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Anxious gatekeeping

Analogous to nervous cluelessness is something we might call “anxious gatekeeping.”   This is desire to police the borders of poetry, or of...

Saturday, December 12, 2009

The Scholarly Base: Making an Inventory

Making an inventory of your scholarly base is something to do between projects or at major junctures of your scholarly career. Your base is everything that makes it possible to produce scholarship. The sum total of your expertise and cultural capital, your unused ideas or archival material left over from previous projects, your talent for researching and writing, your access to time, materials, and to the expertise of others, your experience traveling to foreign lands, etc... The inventory will be a 5-10-page document in which you list everything you can think of on the positive side of the ledger that constitutes this base.

What can you do with this information? In the first place, it can be motivational, if you realize that your base is quite solid, then you have the wherewithal to write. Congratulations! On the other hand, it may point to reasons why you haven't been writing. What part of the base is missing? Sometimes, for example, I realize I just need to read more, or develop a better network of colleagues in other universities. You might decide your base is pretty much inadequate. The good news is that simply reading a lot is the best way to improve it.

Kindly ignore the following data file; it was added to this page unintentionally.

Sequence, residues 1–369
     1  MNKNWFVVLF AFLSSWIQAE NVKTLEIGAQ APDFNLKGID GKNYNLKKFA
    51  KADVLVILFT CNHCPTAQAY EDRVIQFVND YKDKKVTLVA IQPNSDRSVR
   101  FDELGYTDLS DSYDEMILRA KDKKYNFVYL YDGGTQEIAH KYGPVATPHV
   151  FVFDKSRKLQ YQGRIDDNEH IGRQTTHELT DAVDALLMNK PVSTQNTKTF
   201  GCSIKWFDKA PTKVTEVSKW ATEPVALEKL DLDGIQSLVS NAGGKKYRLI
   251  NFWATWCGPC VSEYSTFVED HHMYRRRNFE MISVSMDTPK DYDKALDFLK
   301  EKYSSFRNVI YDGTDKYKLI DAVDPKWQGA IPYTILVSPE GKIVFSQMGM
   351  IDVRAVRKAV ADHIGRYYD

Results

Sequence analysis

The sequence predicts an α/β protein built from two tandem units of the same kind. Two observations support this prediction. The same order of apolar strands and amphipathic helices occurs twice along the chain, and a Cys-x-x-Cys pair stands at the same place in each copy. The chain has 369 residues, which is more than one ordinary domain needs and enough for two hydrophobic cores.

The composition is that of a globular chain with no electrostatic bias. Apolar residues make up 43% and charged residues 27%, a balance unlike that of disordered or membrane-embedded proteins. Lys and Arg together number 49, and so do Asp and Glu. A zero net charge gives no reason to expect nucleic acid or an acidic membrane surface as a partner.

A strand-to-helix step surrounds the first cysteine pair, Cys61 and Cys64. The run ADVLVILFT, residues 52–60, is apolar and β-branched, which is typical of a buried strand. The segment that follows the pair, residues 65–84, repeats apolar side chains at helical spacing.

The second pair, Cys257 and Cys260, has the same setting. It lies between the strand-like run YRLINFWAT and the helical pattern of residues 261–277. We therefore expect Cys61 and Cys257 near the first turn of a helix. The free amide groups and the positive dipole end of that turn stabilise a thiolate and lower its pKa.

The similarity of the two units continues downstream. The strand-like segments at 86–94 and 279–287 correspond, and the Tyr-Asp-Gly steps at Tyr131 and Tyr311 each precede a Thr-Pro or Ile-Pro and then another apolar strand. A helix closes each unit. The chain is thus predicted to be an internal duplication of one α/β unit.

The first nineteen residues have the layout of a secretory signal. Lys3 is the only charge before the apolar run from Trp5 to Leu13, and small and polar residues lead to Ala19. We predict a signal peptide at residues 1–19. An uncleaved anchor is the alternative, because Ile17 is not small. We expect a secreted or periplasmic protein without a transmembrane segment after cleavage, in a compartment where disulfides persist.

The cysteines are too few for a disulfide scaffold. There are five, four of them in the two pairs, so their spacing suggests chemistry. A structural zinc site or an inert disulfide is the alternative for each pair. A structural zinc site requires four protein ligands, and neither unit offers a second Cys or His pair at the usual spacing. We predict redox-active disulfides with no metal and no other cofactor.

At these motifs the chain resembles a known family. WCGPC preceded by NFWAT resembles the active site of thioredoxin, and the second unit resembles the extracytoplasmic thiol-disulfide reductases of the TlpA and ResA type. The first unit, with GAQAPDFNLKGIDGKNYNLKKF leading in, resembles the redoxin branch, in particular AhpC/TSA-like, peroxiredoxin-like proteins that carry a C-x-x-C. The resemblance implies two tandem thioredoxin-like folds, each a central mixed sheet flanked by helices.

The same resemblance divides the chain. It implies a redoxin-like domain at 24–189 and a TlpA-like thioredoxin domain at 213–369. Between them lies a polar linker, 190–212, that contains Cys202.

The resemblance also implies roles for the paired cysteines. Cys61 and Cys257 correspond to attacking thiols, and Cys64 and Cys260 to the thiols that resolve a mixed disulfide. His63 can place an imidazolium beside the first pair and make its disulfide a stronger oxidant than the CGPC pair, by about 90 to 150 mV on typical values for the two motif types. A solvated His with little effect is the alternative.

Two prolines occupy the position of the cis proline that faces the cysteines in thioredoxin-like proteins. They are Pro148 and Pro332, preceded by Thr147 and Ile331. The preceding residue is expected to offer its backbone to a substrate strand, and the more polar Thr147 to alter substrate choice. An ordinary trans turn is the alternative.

Two or three points: the scholarly base is necessary but not sufficient. You might have a strong base but not have the drive to use it. Secondly, it needs to be maintained and improved; it is dynamic not static. Lastly, there are many parts of the base that will never be used in any explicit way, that will never be visible to someone reading your scholarship. I think that in my book Apocryphal Lorca I came as close as I could to using a lot of it. (This is Hemingway's iceberg theory of writing.)

Ok, a fourth point: using it does not use it up, but rather serves to replenish it. The more you use, the more you have, because the best way to keep up a good base is to write books and articles. That is one reason why quantity, intelligently managed, produces quality. It's kind of unfair, because if you've written a lot you will get opportunities to write more: jobs with time off or skimpy teaching loads, research grants... Nobody will come along and say, oh, since you haven't produced very much we'll give you time off to write more.

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